A study by the Institut de recherche et d’informations socio-économiques (IRIS) found that intergenerational businesses were significant social and cultural pillars contributing to Chinatown’s authenticity. 

Joe Lee has run Mon Nan restaurant for 16 years, inherited from his father. The establishment, which has been in the area since 1982, boasts a 42-year legacy.

Reflecting on changes over the years, Lee highlighted a concern about the influx of non-Chinese businesses. He noted that in the 1980s, the majority of businesses in Chinatown were Chinese-owned. Now, he has observed a significant decline in the number of small businesses in the area.

Lee suggested that in the ‘70s or ‘80s, immigrants often started businesses in Chinatown out of necessity, based on familiar trades. Conversely, newer generations may find it more feasible to establish chain businesses.

These local businesses have played a crucial role in strengthening the resilience of the neighbourhood, particularly in the context of historical racist regulations in Canada.

Regulations like the Chinese Exclusion Act marginalized Asian immigrants and severely limited their job opportunities. In the face of these discriminatory laws, local businesses in Chinatown became essential sources of employment for the Asian immigrant community, providing much-needed economic support and stability.

This beneficial role has been further emphasized by Giang, who mentioned that some of her employees seek employment in the neighbourhood due to language barriers. This highlights the continued importance of local businesses in providing opportunities and support within the community.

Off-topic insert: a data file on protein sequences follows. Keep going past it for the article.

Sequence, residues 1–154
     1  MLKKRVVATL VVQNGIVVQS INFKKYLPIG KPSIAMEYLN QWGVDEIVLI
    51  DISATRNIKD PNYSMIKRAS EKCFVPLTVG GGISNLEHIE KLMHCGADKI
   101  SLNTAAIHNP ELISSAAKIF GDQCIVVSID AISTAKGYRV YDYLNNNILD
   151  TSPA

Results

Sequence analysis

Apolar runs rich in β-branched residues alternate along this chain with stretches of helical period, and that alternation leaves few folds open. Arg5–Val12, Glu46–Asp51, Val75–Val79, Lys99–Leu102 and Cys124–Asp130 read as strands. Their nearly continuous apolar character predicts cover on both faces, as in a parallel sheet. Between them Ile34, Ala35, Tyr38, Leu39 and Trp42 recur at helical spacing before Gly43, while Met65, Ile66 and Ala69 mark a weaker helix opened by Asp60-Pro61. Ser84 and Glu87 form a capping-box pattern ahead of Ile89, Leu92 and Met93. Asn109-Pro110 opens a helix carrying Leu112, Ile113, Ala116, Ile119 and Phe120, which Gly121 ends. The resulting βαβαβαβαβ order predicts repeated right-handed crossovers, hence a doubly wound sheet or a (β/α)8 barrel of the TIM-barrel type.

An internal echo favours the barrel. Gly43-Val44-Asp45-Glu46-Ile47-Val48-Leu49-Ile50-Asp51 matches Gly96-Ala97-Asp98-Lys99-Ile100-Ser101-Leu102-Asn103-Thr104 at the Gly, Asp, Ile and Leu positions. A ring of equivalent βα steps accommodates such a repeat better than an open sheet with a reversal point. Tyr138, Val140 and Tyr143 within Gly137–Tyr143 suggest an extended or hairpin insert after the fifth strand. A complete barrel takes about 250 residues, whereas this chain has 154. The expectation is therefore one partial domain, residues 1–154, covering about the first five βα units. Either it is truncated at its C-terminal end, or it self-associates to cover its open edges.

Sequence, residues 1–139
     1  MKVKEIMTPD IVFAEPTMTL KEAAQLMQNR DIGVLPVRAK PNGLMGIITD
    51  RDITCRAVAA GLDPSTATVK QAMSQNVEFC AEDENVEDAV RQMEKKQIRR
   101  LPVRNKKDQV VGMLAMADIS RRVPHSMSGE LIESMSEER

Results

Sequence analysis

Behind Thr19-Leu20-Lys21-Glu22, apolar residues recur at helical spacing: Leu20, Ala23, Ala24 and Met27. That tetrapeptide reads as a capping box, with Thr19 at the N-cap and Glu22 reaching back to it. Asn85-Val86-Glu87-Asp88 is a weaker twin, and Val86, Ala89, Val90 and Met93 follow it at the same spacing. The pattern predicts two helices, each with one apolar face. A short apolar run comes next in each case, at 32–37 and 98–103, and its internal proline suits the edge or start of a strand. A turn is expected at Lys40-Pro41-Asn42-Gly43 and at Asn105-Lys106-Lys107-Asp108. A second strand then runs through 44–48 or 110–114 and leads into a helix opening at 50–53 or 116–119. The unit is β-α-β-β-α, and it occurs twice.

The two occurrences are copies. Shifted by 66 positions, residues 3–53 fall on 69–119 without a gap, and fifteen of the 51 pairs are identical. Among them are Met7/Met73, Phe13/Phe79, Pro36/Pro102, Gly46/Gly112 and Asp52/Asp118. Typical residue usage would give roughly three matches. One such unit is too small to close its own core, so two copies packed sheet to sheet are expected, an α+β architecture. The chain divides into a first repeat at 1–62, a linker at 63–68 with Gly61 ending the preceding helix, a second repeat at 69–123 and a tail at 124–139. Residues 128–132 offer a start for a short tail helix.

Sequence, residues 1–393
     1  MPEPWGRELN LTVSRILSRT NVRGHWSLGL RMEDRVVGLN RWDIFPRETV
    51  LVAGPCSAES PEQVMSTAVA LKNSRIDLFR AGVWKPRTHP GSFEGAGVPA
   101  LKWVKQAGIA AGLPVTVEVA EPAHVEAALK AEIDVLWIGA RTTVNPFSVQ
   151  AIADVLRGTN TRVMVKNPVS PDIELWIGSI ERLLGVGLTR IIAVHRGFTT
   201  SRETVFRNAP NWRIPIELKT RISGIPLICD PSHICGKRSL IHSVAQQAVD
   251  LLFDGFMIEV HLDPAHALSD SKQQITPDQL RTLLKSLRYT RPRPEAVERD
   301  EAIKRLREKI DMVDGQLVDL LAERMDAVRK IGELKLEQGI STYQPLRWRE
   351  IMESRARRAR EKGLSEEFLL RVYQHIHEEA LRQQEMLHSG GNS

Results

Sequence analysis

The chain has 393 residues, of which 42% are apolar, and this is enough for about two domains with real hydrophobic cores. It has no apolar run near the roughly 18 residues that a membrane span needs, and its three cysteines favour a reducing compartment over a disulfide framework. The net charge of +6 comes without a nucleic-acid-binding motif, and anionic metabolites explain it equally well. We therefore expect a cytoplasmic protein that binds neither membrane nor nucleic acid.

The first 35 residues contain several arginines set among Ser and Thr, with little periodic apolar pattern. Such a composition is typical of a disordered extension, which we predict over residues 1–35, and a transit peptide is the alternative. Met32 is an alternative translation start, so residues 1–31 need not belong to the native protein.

Sweet Dreams, an ice cream shop that opened for the summer of 2023, was one of Chinatown’s latest ventures. Owned and managed by Natasha Lupien, a 21-year-old student at McGill University, the shop embodied her entrepreneurial drive and the neighbourhood’s dynamic essence. 

Natasha and her brother ran Sweet Dreams, facing the ups and downs of running a business in a bustling neighbourhood. Natasha, skilled in crafting unique ice cream flavours since her teens, saw an opportunity to introduce Asian-inspired ice cream to Chinatown’s food scene, filling a gap in the market. Lupien’s introduction to Chinatown was shaped by her father’s ties to the area. 

“I believe the most positive interactions I’ve had are those where I can see it making a difference in the community because people take notice,” Lupien said. “I would definitely encourage people to do this kind of thing because as I said, there’s not a lot of new businesses there and it’s kind of like a monopoly in terms of who owns the buildings and the businesses and it would be really nice to have a rejuvenation of businesses and opportunities that are there.”

As a business owner, Giang expressed her affection for the area, highlighting the significant foot traffic that Chinatown attracts due to its prime location between Place des Arts and Old Montreal. She emphasized the distinctive atmosphere it offers to visitors and residents alike. 

She pointed out the nostalgic appeal that Chinatown holds for Asian generations and highlighted its equally intriguing aspect as a place of discovery for individuals who are not of Asian descent. 

“I’m just hoping more young people will come back and see for themselves how great it is to do business in the neighborhood, and that together, with the younger generation knowing French and English, they’ll be able to speak on behalf of the older generation who don’t have that skill,” she said.